Photo-Illustration: Curbed; Photos: Retailers
In the new series “Curbed Catalogue,” we will highlight especially excellent, well-designed products across a variety of price points — from a rose-colored lamp unearthed at Target to raw-silk pillows made by a pair of architects.
In my job as a principal at Atelier Cho Thompson, a bicoastal design firm working across architecture, interiors, and graphics, I’ve worked on projects from homes to restaurants to studios to hotels. And while big-ticket items — like dining-room tables or cash wraps — tend to be front of mind, lighting plays just as important a role in a space. Especially a table lamp, which does double duty as a figural object in conversation with other elements of a room and, of course, as a source of light and warmth.
When I purchase lighting for myself, I try to look for pieces with simple forms that will work with my always-changing tastes; timeless materials like metal, stone, and ceramic; and spirited, unique design elements — like a curved, sculptural base or a wok-shaped top — that bring a sense of delight. I also always consider what kind of shade I want: a lamp that casts light downward toward a book, or one that casts ambient light around like a lantern? What type of scale I want: a tiny lamp that complements other objects on a nightstand, or a major piece that’s a key design focus? And what type of functionality I want: a portable piece that can move from dining table to fire escape to bed, or a large sculptural lamp that’s a fixed design element? Below, a few of my favorites.
This little light balances timeless design elements like chrome detailing and a pleated shade with the distinctive quirks Hay is known for, such as rich, punchy colors and a playful sense of proportion. I think it really sings in a deep jungle green and pairs beautifully with a range of interior styles. I’ve used it alongside rich red antique carpets and atop vintage mid-century Aalto birch-veneer stools.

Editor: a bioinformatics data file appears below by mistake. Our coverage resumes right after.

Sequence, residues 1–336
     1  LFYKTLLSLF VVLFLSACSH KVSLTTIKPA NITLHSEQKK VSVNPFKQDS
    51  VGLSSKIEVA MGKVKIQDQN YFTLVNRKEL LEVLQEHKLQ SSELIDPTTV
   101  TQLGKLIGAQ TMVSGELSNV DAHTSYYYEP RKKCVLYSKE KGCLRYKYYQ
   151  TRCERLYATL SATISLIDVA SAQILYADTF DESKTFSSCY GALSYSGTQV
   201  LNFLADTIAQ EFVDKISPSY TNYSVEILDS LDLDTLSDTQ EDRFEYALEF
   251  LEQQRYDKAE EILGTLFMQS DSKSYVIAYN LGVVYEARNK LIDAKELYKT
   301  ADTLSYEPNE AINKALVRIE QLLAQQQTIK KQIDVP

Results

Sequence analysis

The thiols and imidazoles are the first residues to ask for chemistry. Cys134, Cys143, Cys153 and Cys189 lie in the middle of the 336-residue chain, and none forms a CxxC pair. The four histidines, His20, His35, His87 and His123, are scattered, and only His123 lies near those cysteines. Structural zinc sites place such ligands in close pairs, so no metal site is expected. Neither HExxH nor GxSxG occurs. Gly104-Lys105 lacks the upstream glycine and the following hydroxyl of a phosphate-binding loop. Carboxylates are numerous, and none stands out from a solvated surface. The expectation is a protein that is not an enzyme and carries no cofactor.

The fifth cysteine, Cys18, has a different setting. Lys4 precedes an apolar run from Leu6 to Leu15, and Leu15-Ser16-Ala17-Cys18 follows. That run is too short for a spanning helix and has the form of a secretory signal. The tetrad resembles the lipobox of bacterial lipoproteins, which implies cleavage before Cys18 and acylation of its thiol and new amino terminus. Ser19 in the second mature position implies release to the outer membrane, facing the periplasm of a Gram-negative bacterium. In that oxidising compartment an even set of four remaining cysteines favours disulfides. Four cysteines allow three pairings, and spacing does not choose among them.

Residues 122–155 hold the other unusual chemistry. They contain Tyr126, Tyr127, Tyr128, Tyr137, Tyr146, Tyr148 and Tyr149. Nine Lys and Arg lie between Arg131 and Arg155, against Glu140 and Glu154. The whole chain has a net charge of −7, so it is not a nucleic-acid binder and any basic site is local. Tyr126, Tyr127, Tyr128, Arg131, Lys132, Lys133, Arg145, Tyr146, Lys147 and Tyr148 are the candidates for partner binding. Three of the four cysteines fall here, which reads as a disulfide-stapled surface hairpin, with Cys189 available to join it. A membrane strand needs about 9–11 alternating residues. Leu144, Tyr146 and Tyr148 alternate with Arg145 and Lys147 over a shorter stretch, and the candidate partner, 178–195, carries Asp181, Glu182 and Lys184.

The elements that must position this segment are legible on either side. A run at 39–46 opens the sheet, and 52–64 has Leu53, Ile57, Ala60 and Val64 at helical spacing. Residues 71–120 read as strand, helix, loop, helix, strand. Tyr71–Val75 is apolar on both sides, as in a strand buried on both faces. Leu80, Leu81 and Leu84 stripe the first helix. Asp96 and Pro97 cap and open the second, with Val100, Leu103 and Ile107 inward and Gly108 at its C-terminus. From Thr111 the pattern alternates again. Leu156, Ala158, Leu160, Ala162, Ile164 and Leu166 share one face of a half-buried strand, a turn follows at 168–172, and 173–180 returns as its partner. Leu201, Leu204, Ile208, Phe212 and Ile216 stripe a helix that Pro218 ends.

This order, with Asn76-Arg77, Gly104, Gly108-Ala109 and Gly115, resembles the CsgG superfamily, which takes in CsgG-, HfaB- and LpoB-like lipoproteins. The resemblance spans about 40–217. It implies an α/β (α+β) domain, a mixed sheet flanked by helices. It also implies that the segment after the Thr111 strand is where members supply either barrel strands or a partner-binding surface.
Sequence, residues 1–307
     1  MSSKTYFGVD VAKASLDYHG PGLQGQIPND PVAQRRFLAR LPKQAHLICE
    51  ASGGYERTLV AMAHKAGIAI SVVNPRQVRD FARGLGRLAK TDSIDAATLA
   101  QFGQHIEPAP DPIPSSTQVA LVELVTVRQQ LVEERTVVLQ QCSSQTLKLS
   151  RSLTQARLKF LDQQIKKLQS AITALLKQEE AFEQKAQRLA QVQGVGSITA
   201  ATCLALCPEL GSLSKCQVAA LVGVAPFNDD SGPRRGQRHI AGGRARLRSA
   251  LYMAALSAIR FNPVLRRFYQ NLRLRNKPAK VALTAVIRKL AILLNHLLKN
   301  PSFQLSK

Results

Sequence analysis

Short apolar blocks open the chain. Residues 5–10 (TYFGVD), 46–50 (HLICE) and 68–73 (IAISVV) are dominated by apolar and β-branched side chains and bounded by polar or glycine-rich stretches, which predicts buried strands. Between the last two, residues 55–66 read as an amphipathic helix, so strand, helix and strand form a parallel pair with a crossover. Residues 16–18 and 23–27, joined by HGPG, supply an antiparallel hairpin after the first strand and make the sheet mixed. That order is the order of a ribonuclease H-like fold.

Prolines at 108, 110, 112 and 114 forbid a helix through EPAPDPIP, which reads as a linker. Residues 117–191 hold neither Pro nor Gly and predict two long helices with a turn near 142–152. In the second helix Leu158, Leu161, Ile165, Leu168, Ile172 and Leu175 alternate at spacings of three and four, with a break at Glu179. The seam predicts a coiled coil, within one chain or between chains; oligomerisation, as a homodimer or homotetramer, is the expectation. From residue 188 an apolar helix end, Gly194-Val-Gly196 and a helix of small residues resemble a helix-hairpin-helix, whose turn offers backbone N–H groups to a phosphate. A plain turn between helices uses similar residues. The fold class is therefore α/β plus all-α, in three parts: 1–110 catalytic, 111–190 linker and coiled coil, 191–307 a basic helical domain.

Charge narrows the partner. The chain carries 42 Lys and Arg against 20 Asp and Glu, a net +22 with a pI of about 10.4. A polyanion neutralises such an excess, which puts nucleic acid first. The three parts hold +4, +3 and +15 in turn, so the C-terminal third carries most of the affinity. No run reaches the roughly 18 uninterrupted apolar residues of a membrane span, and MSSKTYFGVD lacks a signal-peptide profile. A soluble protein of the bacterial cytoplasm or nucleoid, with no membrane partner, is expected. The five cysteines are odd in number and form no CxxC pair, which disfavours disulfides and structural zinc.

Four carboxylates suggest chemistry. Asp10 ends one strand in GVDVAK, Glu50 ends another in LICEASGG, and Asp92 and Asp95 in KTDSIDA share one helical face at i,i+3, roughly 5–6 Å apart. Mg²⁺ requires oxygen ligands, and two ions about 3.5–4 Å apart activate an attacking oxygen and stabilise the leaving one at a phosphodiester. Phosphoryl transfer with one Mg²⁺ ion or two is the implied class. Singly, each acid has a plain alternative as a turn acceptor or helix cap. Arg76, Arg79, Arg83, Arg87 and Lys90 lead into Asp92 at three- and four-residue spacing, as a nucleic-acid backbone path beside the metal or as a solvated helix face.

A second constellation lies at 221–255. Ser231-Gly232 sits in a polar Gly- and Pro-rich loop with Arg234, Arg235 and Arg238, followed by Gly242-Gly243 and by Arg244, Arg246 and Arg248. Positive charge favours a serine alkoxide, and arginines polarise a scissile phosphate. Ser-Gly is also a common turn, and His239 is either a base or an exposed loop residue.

A splurge. This curvaceous ceramic beauty is sold at Portland’s Spartan Shop, which has the most of-the-moment housewares being crafted in the U.S. right now. At various times, the base looks to me like body parts from Picasso’s On the Beach at the Peggy Guggenheim Collection, like soft entrails, or like sturdy tree limbs, and I like its ambiguity and richness as the light changes throughout the day.
This elegant, portable lamp is made from powder-coated metal and mouth-blown glass, giving it a refined texture and delightful proportions. It can hold a charge for 12 hours and lends a soft, warm glow to the bedside table. I move mine around, taking it from the bedroom out to the backyard of our brownstone for dinner parties, and my 6-year-old steals it to be the campfire in his living-room bedsheet forts.
In colors like teal and rose, this is perfect for a kid’s room, but in white, it’s a go-to affordable piece for a grown-up but fun bedroom. As a designer, I’m forever coming back to pure, simple shapes, and these spheres make for a well-proportioned base.
My super-stylish architect friend Aurora Farewell uses this Dims light frequently in spaces she designs. It’s part of a lineage of lamps that breaks down the conventional division between base, bulb, and shade, creating a unified object that glows as one. And I think architects just love the fluting of a classical column.